As a digital institution it’s hard to beat Bandcamp. It’s ridiculously easy to use, it puts money directly into artists’ (and labels’) pockets and there’s a seemingly endless amount of music to discover there – new, old and in-between. Of course, that endlessness can be a little overwhelming. So here are 10 recent releases that have caught and kept our attention so far this year. Share your own in the comments …
Cian Nugent & Sean Carpio – Inherited Trails: New music from Cian Nugent is always good news. This 10+ minute instrumental jam with drummer Sean Carpio is a fantastically serpentine duet, harkening a bit back to Cian’s work with Desert Heat. Would I like a whole album of this kind of thing? Why yes, yes I would.
Yuzo Iwata – Daylight Moon: Extremely tasty jams via Yuzo Iwata, a Japanese guitarist who now resides in Philadelphia. Thumping Velvety boogies, Bardo Pond-worthy zoners, achingly strange ballads, feedback laced freeforms … and more! Totally radical.
Tashi Dorji & Tyler Damon – Leave No Trace: Live In St. Louis: I’ve loved Tashi Dorji’s singular stylings for a few years now, but I’ve mainly been listening to his acoustic guitar work. This excellent duo record with drummer Tyler Damon is very much electric. Dorji’s raw, feedback-laced excursions link up perfectly with Damon’s imaginative playing over the course of two lengthy improvs. They may just be two dudes, but the sound they make is BIG. Crank it.
Renata Zeiguer – Old Ghost: This one is a little bit like Last Splash with The Cardigans’ Nina Persson on lead vocals. But Old Ghost has its own distinct vibe, with songs that zig and zag in unexpected directions and classic-sounding melodies that get pleasingly tangled and twisted into new forms. A perfect blend of pop songcraft and adventurous complexity.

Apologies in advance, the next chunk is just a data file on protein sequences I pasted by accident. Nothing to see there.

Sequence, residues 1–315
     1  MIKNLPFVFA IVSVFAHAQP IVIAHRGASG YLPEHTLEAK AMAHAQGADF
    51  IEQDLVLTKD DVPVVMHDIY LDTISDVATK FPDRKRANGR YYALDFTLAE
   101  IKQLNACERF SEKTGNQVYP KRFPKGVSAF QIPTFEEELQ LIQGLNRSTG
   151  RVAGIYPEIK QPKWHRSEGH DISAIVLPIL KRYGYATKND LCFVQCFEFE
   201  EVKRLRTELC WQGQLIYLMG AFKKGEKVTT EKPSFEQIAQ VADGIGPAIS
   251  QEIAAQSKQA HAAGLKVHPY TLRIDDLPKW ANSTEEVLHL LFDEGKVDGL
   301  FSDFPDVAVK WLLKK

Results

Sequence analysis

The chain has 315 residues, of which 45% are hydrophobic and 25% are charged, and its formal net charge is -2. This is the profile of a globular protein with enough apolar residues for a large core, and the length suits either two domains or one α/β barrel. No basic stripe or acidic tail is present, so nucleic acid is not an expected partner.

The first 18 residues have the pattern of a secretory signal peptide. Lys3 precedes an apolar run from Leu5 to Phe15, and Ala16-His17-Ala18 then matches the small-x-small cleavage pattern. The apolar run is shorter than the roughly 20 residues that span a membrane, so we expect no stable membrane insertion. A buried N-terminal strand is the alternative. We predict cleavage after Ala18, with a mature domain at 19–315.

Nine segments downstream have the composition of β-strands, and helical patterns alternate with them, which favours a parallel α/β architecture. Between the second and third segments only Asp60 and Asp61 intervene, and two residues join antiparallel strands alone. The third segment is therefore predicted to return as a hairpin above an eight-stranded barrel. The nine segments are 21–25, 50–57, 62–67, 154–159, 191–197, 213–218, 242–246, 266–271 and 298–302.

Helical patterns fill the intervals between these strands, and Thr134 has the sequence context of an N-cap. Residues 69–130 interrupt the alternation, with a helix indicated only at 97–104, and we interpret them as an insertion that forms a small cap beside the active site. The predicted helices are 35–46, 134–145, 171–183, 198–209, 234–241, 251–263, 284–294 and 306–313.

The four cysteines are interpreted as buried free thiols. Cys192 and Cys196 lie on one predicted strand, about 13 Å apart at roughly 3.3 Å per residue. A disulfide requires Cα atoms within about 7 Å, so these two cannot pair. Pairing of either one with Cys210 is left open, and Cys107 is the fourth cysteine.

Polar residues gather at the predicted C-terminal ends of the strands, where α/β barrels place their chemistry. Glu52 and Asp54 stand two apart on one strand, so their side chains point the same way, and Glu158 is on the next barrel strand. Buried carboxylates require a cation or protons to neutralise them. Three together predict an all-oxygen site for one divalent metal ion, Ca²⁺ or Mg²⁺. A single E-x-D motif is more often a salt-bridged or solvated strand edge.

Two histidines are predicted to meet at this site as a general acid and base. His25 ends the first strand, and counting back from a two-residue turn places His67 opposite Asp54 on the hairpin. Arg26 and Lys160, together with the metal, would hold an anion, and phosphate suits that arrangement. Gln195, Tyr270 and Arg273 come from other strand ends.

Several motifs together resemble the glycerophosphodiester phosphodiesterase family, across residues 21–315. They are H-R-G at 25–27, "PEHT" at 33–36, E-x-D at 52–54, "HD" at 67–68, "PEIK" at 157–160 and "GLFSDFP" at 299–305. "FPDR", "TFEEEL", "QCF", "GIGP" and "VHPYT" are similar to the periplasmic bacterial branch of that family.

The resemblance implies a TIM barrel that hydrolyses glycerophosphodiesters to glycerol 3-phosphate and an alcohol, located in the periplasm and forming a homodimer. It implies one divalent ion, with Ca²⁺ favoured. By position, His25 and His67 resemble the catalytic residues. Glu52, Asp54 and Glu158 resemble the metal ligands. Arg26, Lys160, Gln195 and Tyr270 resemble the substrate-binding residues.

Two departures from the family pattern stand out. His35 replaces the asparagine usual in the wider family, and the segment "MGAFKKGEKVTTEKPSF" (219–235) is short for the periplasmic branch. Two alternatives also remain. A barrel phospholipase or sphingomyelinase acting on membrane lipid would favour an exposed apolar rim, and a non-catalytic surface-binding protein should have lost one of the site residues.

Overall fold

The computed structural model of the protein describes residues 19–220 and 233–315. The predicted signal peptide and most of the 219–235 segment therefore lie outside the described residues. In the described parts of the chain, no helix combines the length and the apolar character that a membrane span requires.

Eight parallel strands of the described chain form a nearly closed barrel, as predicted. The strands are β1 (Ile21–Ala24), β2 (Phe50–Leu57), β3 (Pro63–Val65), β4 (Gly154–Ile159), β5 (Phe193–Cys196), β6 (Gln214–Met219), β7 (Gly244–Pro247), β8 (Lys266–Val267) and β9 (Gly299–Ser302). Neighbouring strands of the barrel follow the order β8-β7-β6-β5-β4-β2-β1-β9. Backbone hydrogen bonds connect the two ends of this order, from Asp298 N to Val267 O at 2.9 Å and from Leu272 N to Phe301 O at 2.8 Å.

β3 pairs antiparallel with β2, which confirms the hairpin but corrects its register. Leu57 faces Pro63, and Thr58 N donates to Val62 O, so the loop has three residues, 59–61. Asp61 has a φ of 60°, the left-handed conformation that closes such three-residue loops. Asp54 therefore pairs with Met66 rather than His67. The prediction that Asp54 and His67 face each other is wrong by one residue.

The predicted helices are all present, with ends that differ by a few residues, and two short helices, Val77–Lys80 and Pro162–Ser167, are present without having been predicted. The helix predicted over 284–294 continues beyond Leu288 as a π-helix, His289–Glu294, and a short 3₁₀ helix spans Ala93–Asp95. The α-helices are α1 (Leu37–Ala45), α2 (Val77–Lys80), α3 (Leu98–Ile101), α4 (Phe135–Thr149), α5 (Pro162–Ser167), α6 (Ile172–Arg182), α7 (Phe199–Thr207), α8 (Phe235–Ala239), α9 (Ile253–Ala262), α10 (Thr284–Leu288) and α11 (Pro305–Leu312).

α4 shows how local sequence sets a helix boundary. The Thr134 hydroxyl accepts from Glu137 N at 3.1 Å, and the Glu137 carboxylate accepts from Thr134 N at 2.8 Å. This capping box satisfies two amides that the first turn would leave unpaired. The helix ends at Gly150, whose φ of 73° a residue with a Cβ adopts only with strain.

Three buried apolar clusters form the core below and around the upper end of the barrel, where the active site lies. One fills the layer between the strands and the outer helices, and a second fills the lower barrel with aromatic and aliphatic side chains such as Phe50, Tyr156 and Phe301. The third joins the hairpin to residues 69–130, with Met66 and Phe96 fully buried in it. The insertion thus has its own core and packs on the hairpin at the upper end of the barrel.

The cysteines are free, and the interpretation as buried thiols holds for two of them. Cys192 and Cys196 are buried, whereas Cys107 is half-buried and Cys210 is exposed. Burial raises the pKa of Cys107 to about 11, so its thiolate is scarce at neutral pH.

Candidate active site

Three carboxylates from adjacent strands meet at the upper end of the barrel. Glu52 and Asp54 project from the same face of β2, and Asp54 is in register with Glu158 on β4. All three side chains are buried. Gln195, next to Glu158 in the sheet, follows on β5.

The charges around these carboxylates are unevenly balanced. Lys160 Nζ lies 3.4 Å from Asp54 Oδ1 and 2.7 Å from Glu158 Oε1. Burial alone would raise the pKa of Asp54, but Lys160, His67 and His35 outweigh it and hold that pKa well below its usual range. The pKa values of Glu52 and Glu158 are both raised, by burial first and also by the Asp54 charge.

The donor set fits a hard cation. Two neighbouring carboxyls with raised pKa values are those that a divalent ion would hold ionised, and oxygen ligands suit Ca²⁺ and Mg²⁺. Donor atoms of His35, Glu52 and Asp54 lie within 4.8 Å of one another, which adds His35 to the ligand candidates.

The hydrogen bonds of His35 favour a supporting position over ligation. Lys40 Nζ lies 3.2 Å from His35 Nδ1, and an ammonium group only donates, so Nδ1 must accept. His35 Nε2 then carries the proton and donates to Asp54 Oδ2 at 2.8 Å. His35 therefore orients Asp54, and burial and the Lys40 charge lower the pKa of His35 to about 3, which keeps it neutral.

Laura Baird – I Wish I Were A Sparrow: Laura Baird’s first solo album is a great listen, as she digs deep into familiar folk songs (“Cuckoo” and “Pretty Polly”) and a handful of wonderful originals (“Love Song From The Earth To The Moon” is a total beauty). Like her sister’s Dear Companion from about a decade ago, it has a timeless feel to it; Laura finds new corners to explore in the Appalachian tradition, bringing a sense of individuality and eccentricity to these age-old vibes.
Pell Mell – It Was A Live Cassette: It was a live cassette, then it was a CD reissue, now it’s a digital download. Pell Mell’s totally classic 1982 release showcases the propulsive instrumental prowess of drummer Bob Beerman, bassist Jon-Lars Sorenson and guitarist Bill Owen. Catchy/scratchy sounds abound. Let the Pell Mell revival commence!
Egyptology – Sur Les Autres Mondes: A celestial kosmiche journey! Some really wonderful vibes, ranging from pulsating Moroder-esque workouts to spacey Tangerine Dreams. Other worlds, indeed.
Various Artists – Together: Dig some awesome experimental music and help out a good cause. Oxtail Recordings’ immersive Together comp is full of deep tones and zones and Proceeds are going to Showing Up for Racial Justice Charlottesville and Tyler Magill’s medical fund (Magill suffered some serious injuries as a result of an assault that took place during the fascist / white supremacist rally in Charlottesville last year).
Bill Fox – Before I Went To Harvard: This one slipped out with a little while back with little fanfare — but Before I Went To Harvard deserves fanfare! Fox, who co-founded The Mice back in the 1980s, is kinda the missing link between fellow Ohioan mavericks Peter Laughner and Robert Pollard (and indeed, he pays tribute to Laughner here with a gorgeously reworked version of “Baudelaire”). He’s capable of dusky Dylanesque balladry, sparkling power pop (check the absolutely perfect two minutes of “I Only Did It Cuz I Felt So Lonely”), and some more unexpected left turns — Fox’s reading of the age-old folk classic “House Carpenter” is a treasure.
Dean McPhee – Four Stones: Dean McPhee’s latest solo electric guitar journey is totally absorbing stuff, with whiffs of Frippertronic and Britfolk wafting through the mix. Armed with looping devices, McPhee recorded the whole thing live without overdubs — an impressive feat, given the patient, meditative playing throughout. words / t wilcox